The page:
Editorial Note: Although every effort has been made to insure the accuracy of the material in this presentation, the scope of the material covered and the discussions undertaken lends itself to the possibility of minor transcription misinterpretations.
Chairman Philibosian introduced Ms. Conny McCormack, Los Angeles County Registrar/Recorder and County Clerk who overseas one of the largest electoral systems in the world. Chairman Philibosian mentioned that Ms. McCormick was formerly Registrar/Recorder in San Diego County and has served as a consultant to the election process in Russia.
Ms. McCormack thanked Chairman Philibosian and recognized the importance of the Economy and Efficiency Commission to Los Angles County. Ms. McCormack emphasized that election issues are not in the forefront of this budgetary season even though the Los Angeles County voting system is a thirty-three year old punch-card system and needs a major overhaul. Ms. McCormack sits on the national Election Center’s Election Reform Task Force and serves as an adviser. She is also involved in a movement to upgrade the electoral system in Sacramento using AB 56 (Hertzberg), which would allot $300 million for a “democracy fund” to support Counties’ upgrades of computer technology and voting systems. The Los Angeles County Board of Supervisors has unanimously supported the necessary upgrades, but is awaiting the results of the proposed federal and state funding.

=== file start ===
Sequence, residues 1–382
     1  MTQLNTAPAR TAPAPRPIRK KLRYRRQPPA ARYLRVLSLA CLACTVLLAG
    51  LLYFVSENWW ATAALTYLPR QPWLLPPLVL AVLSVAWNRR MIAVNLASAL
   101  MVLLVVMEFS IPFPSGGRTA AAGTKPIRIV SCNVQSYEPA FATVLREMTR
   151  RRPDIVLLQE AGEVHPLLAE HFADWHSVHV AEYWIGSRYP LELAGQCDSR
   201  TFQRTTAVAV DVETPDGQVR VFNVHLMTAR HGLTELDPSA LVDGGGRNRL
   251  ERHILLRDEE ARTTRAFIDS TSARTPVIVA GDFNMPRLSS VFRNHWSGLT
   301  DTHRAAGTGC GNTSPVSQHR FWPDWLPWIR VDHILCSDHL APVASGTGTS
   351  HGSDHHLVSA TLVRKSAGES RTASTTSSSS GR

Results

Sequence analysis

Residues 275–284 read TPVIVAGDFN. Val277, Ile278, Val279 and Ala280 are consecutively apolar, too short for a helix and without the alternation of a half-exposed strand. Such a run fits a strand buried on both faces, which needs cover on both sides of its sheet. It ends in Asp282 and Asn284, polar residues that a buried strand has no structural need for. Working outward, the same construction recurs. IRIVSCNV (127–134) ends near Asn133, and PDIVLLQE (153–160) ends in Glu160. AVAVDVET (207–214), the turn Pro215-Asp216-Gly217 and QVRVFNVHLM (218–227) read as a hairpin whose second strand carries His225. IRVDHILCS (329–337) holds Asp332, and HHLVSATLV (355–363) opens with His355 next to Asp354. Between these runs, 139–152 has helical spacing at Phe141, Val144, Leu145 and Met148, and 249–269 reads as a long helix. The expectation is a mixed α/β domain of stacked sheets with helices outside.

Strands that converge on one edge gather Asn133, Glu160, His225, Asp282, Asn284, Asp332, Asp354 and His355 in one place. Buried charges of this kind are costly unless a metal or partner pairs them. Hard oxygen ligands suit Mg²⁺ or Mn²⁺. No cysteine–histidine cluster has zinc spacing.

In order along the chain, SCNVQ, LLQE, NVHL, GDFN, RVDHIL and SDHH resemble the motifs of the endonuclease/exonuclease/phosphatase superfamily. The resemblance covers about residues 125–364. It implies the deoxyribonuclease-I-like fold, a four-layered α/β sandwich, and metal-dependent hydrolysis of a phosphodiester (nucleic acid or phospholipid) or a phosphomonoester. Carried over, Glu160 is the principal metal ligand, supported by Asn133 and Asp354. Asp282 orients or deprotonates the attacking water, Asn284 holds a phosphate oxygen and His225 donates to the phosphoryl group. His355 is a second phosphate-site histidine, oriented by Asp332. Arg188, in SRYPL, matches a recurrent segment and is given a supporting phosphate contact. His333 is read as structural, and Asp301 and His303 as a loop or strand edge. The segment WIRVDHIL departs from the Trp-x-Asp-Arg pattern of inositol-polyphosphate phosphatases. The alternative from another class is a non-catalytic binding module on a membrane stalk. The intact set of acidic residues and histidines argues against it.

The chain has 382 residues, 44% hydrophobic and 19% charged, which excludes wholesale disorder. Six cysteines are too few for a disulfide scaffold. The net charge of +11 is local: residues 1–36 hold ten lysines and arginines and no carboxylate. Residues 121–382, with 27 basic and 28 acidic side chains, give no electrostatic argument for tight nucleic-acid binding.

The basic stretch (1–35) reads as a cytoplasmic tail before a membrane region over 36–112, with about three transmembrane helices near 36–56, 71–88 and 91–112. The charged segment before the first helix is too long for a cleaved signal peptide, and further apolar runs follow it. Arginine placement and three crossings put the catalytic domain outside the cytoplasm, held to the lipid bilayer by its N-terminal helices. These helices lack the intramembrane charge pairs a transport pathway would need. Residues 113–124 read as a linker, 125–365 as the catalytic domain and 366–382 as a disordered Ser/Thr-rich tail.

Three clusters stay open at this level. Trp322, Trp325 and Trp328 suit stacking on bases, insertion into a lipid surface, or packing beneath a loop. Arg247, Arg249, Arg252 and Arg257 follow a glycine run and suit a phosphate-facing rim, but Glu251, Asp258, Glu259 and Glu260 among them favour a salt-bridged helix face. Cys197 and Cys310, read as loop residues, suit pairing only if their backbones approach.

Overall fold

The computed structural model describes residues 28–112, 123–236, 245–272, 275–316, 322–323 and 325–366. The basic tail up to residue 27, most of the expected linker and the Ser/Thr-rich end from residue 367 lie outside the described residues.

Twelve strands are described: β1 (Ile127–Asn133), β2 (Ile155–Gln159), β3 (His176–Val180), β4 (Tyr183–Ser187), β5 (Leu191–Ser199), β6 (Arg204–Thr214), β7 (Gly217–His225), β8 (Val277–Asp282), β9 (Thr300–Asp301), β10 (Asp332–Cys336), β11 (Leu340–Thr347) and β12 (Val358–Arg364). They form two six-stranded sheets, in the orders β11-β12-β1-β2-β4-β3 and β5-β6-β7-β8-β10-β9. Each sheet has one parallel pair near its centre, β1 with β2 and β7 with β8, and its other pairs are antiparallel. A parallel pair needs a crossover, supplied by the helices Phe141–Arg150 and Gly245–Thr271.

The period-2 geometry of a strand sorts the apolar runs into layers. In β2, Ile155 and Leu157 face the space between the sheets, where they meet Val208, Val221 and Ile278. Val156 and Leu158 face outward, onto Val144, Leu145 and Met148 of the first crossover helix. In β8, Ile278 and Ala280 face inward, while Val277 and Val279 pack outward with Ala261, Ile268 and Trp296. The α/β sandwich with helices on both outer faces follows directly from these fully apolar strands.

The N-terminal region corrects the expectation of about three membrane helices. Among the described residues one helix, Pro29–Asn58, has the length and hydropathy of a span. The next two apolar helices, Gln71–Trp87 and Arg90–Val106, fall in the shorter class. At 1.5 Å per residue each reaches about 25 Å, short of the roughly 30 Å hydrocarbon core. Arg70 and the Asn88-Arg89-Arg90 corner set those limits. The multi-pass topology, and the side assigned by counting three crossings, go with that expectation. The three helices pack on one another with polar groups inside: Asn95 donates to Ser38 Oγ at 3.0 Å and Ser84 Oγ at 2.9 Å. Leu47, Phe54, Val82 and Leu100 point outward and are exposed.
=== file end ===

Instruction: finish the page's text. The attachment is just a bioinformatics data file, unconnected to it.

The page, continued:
Ms. McCormack stated that she is an advisor to the National Commission on Election Reform (co-chaired by former Presidents Carter and Ford). On April 12, 2001 hearings were held by this National Commission at the Reagan Library where national election experts, as well as the California Secretary of State, were brought in to provide testimony. The Ford-Carter Commission Hearings will continue in Washington at the end of May 2001. Nationally, electoral equipment upgrade costs would be about $3B (about 1/3 the cost of an aircraft carrier).
Ms. McCormack stated that the Touch-Screen Pilot Project Report was presented to the Board of Supervisors on January 30, 2001 explaining the “phase in” proposal. In the November 2000 elections there was a 99% acceptance of the system by 21,000 voters. The machine immediately indicates “over votes”, or “two votes for president”. Commissioner Baltierrez commented that she voted in the November 2000 elections in Palmdale on the Touch-Screen, and agreed that it was efficient and easy.